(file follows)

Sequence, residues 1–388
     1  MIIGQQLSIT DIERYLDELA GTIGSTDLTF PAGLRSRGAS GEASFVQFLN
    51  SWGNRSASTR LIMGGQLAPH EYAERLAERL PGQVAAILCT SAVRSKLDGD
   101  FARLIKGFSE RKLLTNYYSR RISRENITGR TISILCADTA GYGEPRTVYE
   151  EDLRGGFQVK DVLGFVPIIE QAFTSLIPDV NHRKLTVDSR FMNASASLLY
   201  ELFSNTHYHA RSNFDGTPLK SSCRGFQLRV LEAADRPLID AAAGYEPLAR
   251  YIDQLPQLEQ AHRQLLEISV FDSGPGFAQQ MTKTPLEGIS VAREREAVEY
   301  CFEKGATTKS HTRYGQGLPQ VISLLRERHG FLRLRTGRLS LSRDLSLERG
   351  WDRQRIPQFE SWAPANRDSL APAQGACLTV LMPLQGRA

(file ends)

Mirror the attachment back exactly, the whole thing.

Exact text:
Sequence, residues 1–388
     1  MIIGQQLSIT DIERYLDELA GTIGSTDLTF PAGLRSRGAS GEASFVQFLN
    51  SWGNRSASTR LIMGGQLAPH EYAERLAERL PGQVAAILCT SAVRSKLDGD
   101  FARLIKGFSE RKLLTNYYSR RISRENITGR TISILCADTA GYGEPRTVYE
   151  EDLRGGFQVK DVLGFVPIIE QAFTSLIPDV NHRKLTVDSR FMNASASLLY
   201  ELFSNTHYHA RSNFDGTPLK SSCRGFQLRV LEAADRPLID AAAGYEPLAR
   251  YIDQLPQLEQ AHRQLLEISV FDSGPGFAQQ MTKTPLEGIS VAREREAVEY
   301  CFEKGATTKS HTRYGQGLPQ VISLLRERHG FLRLRTGRLS LSRDLSLERG
   351  WDRQRIPQFE SWAPANRDSL APAQGACLTV LMPLQGRA